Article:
There is so much at stake in the Sam Holdings saga which has headlined trucking industry news following the arrest of the owner, Sam ‘Mshengu’ Chabalala.
Sam Holdings is worth over R40 million, employs 100 fulltime staff, 30 of whom are assistants to his drivers who constitute the majority of employees, Chabalala told SA Trucker.
Chabalala says he also have office workers at his depots and several temporary employees.
The trucking company has 63 tipper trucks which transport coal in the Mpumalanga area of Bethal, east of Secunda.
Chabalala also owns three houses, one in Zimbali near Ballito, KZN and two in the Mpumalanga area of Bethal.
Chabalala says all in all he coughs out over R1 million to pay all his workers each month.
He has a baby mama with two minor kids and his newly-wed Mrs Sam who also broke the internet along hubby in that flamboyant Durban July convoy of supercars.
Mshengu, as he is popularly known, is facing charges of fraud, bribery, corruption and possession of an unlicensed gun.
The state alleges that Mshengu obtained a South African ID book in 2015 and registered that he was born in the Bethal area on 15 December 1995, mysteriously registering with ID numbers of South African people who had never met him in their lives.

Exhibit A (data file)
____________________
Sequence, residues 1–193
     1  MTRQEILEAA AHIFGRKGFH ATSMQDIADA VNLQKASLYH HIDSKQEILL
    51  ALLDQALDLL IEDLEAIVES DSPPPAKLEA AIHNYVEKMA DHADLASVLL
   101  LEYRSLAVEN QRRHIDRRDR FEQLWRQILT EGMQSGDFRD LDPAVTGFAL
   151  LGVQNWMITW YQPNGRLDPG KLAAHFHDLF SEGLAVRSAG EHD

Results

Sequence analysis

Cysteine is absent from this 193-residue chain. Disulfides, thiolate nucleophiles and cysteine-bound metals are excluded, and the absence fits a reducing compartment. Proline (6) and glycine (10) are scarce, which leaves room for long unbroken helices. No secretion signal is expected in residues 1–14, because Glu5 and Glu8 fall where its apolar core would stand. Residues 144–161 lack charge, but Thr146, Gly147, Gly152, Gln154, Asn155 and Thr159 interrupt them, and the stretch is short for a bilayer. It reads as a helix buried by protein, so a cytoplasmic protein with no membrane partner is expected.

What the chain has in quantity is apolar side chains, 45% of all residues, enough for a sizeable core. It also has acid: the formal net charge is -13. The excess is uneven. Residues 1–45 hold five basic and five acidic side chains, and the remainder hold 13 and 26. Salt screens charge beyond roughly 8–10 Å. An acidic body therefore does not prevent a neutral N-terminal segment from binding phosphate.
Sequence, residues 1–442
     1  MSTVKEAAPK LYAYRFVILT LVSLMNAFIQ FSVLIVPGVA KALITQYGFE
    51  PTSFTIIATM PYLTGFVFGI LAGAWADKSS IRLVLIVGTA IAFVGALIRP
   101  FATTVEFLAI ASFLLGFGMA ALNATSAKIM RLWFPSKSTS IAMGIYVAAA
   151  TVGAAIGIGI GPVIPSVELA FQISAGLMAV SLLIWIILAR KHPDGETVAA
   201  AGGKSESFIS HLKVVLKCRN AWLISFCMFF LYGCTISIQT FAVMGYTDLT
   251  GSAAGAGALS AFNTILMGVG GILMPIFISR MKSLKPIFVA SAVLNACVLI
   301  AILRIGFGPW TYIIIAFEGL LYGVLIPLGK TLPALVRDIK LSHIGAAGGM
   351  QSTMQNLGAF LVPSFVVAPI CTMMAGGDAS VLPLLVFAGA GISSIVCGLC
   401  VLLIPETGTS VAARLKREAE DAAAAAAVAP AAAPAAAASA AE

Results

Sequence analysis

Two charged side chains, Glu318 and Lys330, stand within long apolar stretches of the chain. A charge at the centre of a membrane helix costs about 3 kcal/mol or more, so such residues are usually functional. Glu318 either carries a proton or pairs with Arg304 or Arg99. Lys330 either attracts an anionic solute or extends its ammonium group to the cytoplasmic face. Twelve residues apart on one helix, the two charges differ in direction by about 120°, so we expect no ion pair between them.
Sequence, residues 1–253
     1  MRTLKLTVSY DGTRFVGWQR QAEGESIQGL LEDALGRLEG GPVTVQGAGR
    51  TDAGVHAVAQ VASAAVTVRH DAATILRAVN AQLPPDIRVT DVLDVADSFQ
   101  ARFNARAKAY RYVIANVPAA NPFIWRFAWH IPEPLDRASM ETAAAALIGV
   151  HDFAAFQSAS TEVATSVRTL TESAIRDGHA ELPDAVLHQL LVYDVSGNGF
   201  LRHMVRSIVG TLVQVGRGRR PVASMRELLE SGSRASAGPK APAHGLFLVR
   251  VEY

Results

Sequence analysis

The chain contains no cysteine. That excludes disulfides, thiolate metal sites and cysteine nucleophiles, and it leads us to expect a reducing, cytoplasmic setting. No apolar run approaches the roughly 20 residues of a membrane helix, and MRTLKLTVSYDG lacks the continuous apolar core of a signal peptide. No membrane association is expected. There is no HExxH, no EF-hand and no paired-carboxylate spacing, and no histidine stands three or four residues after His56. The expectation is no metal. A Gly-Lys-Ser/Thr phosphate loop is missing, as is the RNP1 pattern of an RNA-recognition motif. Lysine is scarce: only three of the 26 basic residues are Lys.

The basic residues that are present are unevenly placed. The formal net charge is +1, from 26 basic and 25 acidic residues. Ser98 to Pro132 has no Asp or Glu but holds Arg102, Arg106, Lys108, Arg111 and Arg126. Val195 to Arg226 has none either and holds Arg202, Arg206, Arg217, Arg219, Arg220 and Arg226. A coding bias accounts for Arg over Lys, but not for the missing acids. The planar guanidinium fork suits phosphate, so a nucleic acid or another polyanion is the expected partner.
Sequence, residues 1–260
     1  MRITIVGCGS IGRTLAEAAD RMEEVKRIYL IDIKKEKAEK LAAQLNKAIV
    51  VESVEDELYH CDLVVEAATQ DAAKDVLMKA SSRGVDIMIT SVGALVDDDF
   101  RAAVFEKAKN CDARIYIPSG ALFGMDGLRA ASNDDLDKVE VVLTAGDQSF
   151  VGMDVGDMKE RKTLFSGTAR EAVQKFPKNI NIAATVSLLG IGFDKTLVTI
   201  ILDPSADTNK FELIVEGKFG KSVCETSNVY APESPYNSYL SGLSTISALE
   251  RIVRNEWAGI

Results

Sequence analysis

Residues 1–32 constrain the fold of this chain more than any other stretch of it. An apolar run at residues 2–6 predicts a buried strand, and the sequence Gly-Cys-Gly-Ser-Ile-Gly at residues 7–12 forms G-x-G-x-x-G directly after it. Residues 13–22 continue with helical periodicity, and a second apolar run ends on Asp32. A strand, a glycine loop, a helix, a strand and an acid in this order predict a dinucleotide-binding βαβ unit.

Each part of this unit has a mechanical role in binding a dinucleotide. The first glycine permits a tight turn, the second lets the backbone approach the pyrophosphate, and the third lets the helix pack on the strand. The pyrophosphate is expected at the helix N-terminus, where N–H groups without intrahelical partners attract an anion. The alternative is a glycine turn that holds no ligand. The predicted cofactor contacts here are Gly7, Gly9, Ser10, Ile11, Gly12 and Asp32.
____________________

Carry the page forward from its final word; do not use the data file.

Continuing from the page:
He allegedly said they were his parents, the state said while opposing bail and allegedly went ahead to bribe home affairs officials to destroy the evidence of his alleged fraudulently obtained South African ID book while investigations on the matter were underway at the department of home affairs.
On hearing this, Mshengu allegedly dashed straight to the government office in Mbombela, and offered an amount of R50 000 to a home affairs officer, of which R40 000 was allegedly delivered to the official. Then the Hawks were called leading to his arrest.
The state also found no birth records at the Bethal hospital from which the home affairs registry shows he was born.
He was granted R200 000 bail by Magistrate Mdumiseni Mavuso in the eMalahleni Magistrates Court.
In applying for bail Chabalala revealed that his business structure is permanently rooted in Mpumalanga and cannot afford to lose it.
If Chabalala loses his business or his accounts are frozen, over one hundred workers could lose their jobs.